What kind of problems will occur if social security benefits are paid cashless instead of cash?

In Australia, to support the lives of

indigenous and vulnerable people, a welfare system has been introduced that allows people to pay for rent and purchase daily necessities with a debit card called BasicsCard . At first glance, it seems like an advanced system where you can buy things with convenient card payment and you do not have to worry about fraudulent receipt, but it is pointed out that there are many problems.

Hidden Costs: An Independent Study into Income Management in Australia
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'I don't want anybody to see me using it': cashless welfare cards do more harm than good

Compulsory income management 'disabling', study shows-UQ News-The University of Queensland, Australia


Cashless welfare card harms Aussies: study

'I go in, come out, and I'm all in tears': Vulnerable people humiliated by cashless welfare card | PBA

The Basics Card is a system where you can transfer some or all of social security and family benefits to an account managed by the government, and purchase food and clothes with the card linked to it. Originally launched in 2007 as part of the Northern Territory Emergency Response (NTER) targeting the Northern Territory, which has the largest ratio of indigenous population to total population, it has similar functions in other regions Cashless Debit Card etc. are distributed.

It is said that the usage of Basics card is almost the same as ordinary debit card, but it can not be used for payment such as `` alcohol, pornography, tobacco, gambling, gift certificate '', and it can not withdraw cash . In this way, many people criticized NTER, which has a strong tendency to control income and use of money, as an infringement of freedom from the beginning, but Aboriginal women who were suffering from serious drinking problems, etc. Said that there were many welcoming voices .

The basics card system, which began in the pros and cons, has been highlighted by a study conducted by a research group led by sociologist Greg Marston and others at the University of Queensland.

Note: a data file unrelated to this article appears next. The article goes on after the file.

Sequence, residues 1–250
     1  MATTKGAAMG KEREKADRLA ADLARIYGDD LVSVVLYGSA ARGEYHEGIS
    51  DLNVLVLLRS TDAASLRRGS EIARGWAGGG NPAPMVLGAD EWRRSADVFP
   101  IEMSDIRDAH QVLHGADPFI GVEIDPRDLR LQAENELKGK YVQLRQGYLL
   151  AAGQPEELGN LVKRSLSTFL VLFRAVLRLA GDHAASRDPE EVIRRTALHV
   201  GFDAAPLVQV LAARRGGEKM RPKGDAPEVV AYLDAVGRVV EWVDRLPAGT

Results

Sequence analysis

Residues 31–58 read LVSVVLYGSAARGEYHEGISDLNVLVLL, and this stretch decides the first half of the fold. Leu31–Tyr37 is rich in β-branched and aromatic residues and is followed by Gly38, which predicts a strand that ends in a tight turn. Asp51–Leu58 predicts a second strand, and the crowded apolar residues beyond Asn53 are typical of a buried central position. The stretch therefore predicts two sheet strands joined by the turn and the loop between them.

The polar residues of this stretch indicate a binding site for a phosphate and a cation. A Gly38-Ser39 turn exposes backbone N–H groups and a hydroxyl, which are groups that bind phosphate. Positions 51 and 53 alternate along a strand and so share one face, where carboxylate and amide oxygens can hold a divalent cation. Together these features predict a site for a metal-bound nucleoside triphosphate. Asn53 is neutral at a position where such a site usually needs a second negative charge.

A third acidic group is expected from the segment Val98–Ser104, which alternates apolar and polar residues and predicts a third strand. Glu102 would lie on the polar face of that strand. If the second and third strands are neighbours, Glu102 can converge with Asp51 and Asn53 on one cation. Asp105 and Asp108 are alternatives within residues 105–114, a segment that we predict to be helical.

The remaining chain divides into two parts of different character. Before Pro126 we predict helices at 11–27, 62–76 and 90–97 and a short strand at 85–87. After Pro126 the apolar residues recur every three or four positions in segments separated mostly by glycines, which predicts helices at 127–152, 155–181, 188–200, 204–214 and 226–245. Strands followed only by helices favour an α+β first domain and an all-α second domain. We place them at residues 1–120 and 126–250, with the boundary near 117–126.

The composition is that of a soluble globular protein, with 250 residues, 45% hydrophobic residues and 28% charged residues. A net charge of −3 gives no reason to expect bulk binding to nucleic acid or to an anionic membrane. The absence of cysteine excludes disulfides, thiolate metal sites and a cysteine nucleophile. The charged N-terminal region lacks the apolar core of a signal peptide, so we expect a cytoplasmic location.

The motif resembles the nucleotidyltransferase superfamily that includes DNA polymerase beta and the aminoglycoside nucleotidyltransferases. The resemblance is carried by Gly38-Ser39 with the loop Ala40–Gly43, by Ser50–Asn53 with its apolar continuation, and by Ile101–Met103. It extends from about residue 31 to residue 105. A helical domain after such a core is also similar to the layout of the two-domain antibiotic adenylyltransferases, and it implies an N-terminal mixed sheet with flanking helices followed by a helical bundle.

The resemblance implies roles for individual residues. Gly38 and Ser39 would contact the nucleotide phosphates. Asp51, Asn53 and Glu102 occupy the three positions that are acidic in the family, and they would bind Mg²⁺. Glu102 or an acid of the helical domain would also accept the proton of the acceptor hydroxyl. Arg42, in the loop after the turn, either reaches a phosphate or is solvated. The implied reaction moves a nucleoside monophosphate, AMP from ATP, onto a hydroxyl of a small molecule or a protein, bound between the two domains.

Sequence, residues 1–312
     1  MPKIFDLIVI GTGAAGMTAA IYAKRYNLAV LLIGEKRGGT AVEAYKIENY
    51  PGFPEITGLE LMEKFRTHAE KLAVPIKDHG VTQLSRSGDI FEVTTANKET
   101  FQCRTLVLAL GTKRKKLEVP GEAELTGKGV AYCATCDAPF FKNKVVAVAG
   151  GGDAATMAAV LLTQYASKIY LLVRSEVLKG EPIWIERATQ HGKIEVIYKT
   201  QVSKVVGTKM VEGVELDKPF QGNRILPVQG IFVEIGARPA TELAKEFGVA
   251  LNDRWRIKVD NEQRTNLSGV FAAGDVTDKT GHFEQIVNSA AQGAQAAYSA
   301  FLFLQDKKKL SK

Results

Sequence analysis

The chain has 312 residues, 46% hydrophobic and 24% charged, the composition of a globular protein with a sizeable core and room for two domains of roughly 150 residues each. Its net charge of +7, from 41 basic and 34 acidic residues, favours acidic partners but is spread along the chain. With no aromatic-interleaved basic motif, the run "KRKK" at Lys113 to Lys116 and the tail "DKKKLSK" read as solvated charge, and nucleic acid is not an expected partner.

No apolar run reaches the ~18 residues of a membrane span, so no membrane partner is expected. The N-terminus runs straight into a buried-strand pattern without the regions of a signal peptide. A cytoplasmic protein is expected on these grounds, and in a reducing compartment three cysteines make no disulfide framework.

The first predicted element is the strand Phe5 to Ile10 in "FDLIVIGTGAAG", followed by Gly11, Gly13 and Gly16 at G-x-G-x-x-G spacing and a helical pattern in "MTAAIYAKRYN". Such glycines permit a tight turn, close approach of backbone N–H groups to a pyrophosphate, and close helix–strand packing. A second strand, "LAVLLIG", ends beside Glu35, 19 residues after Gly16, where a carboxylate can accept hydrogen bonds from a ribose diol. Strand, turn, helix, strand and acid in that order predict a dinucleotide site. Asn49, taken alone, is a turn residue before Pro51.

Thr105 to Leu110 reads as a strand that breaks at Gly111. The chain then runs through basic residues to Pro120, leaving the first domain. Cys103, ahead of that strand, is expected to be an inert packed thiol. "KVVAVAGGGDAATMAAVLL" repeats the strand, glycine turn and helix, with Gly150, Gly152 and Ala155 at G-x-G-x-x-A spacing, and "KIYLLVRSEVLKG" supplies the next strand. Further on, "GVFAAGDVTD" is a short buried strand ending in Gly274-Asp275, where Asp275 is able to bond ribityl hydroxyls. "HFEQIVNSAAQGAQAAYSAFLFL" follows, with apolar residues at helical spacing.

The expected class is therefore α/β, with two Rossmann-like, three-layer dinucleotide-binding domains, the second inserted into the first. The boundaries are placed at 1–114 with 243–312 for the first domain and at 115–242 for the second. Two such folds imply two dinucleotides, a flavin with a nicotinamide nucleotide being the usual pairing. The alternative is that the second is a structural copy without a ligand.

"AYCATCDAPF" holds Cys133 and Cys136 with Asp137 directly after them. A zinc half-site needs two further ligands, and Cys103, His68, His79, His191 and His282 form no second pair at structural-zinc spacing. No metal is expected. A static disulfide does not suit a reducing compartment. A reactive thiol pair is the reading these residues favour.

The study group summarized the results of 199 questionnaires collected from income management offices across Australia and 114 interviews conducted in four cities where the Basic Card system was implemented. It turned out that 13% felt the benefits of this system. However, the remaining 87% did not feel the benefits, but rather thought they were problematic.

One such problem is the inconvenience of the cards themselves. First of all, Basic Card accepts payments only at about 15,500 stores and businesses across Australia. Although the usability of cashless debit cards has been greatly improved, it can still be used at secondhand stores. This includes the auction site

eBay . In addition, because cash cannot be withdrawn, 76% of those surveyed said they had a problem when they needed cash.

The settlement system is not stable either. Emma, who cooperated with the investigation, said that the rent returned to his account two days after paying the rent, and when he contacted the card company, he said that he was saying, 'It's a little error.' Emma said that such a problem, 'I don't know if I paid correctly but I paid for it,' is a problem.

Others have pointed out the possibility of disrupting the society and independence. According to Marston, many households using the system have lost their ability to manage money and tended to rely on income management and automatic payment systems. Eighty-four percent of card users say they experience shame or disgrace while using the card.

For example, Maynard, who responded to the survey, said that he had been called junkies while using cards. When Mr. Maynard said, 'It's not a junkie. Is there a mark on his face?', He said, 'But you have a Basics card.'

Regarding these issues, Cassandra Goldie, CEO of the Australian Council of Social Welfare, said, `` It is better to save people from poverty by supporting new lives and improving employment, rather than giving people a cashless debit card that is expensive to manage. Is the first decision. '

in Note, Posted by log1l_ks